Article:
Legislative Assembly for the ACT: 2015 Week 09 Hansard (Tuesday, 11 August 2015) . . Page.. 2564 ..
I know that is pretty attractive for you to say to constituents, but it is false, because we are not talking about spending a billion dollars tomorrow. Indeed those opposite know that a public-private partnership is a payment over an extended term for construction and operation. It is not a billion dollars overnight. It is not a billion dollars that can be spent in the next term of government, because this government is not proposing, if it is re-elected, to spend a billion dollars over the next term of government. That is not the way a public-private partnership works. Those opposite know it, but they are out there in the community wilfully suggesting otherwise. They know it is not true.
Let us turn to why this project is so critically important. I have talked about congestion. I have talked about the challenges of congestion along that corridor. But what we have not heard from those opposite is how they are planning for growth. Again let us turn to the evidence of independent bodies like Infrastructure Australia.
Infrastructure Australia is projecting a population of over 600,000 people in the next 30 or 40 years, and how we need to plan for that future. Let us talk about where that growth is going to be happening, which is largely on the north side of our city. And let us say to anyone who wants to be in government in this place, “What are you doing to plan for that growth and how are you going to make sure that Canberra remains a livable, accessible and connected community?”
Is the answer simply to keep building more roads? Is that going to deliver the quality of life, the accessibility and the livability, and indeed the economic productivity, that our city is going to need into the future? We know the answer to that is no. Ask any Canberran about cities that rely wholly on the private road network to connect them up when they start getting large and what that means, and everyone says, “Just look at Sydney, and look at what happened in Sydney.” That is a very true answer from ordinary Canberrans.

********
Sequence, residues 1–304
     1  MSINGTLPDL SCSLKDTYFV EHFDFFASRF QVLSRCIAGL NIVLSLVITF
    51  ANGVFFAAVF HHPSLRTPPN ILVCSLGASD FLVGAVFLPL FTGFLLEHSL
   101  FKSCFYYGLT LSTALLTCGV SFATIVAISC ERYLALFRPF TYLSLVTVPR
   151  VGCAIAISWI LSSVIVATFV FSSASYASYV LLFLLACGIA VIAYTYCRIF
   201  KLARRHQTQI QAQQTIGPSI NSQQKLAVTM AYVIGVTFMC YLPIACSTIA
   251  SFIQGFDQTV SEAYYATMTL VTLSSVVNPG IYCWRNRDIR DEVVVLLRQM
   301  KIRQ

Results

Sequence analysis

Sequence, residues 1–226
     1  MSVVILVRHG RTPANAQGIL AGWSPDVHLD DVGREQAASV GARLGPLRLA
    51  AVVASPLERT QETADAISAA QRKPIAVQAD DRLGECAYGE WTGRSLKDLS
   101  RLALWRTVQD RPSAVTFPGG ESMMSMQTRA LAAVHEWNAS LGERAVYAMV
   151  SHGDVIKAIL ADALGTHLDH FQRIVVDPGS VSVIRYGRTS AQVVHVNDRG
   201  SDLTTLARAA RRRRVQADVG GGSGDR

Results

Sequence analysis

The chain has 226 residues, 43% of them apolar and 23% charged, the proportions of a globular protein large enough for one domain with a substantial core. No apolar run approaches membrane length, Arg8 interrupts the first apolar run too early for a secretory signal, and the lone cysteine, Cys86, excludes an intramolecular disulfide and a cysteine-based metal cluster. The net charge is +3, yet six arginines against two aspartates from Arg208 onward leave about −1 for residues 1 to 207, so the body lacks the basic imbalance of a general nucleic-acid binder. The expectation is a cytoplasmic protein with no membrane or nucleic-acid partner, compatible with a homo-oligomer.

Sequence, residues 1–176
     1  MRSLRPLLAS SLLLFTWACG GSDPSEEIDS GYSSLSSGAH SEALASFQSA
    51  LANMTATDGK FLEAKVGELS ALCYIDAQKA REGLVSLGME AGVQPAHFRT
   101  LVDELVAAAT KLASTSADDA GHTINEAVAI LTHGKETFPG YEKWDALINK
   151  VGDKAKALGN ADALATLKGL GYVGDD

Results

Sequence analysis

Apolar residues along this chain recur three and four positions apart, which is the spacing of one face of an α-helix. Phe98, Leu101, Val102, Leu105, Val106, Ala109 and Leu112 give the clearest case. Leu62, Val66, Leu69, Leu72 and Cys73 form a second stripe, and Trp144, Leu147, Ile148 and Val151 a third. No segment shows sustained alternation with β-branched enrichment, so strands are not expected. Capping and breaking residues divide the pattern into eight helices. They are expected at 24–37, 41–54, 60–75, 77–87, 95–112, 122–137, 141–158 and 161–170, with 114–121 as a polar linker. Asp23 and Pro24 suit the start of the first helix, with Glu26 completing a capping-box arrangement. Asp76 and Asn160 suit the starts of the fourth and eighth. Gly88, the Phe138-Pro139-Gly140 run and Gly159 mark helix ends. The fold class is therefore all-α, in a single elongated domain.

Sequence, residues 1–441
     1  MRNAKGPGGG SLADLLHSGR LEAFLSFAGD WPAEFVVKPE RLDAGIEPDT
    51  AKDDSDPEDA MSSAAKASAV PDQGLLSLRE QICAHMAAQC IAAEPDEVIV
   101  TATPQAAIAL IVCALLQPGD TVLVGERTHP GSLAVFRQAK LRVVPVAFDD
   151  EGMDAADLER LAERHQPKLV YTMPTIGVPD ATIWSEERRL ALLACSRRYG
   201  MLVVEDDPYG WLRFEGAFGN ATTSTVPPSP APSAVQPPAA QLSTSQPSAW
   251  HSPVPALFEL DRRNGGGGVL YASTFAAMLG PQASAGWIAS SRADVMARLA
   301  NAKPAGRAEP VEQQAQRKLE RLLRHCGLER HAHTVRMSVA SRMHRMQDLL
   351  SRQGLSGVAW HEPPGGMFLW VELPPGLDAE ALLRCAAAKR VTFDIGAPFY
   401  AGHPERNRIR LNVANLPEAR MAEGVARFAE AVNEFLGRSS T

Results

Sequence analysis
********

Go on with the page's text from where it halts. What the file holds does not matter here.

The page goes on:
Canberrans understand why it is important to invest in an alternative, in better public transport that gives people choice. It is not about saying, as those opposite do, that you cannot use your private motor vehicle. All the transport planning done by governments from both sides of this chamber has acknowledged that the private motor vehicle will remain the dominant mode.
The question is: how much of that dominance can be shaved, and have more people use public transport, walking and cycling? Instead of having over 90 per cent of all journeys to work, indeed all journeys in the city, by private motor vehicle, what if we were able to achieve 80 per cent? How much more effectively would our road network operate? How much would we save on reducing the need to augment existing road transport infrastructure? How much more would we see people using public transport, walking and cycling, with all of the health benefits, the connectivity benefits and the productivity benefits that come from that?
Those are the things that are quantified in the capital metro business case, and they are clear and unequivocal: over a billion dollars worth of economic benefits for our city; improved productivity, improved walkability and improved health outcomes. All of these things are tangible, meaningful and understood as being able to have an economic value based on international experience. And that is what we are bringing to this project and to this debate.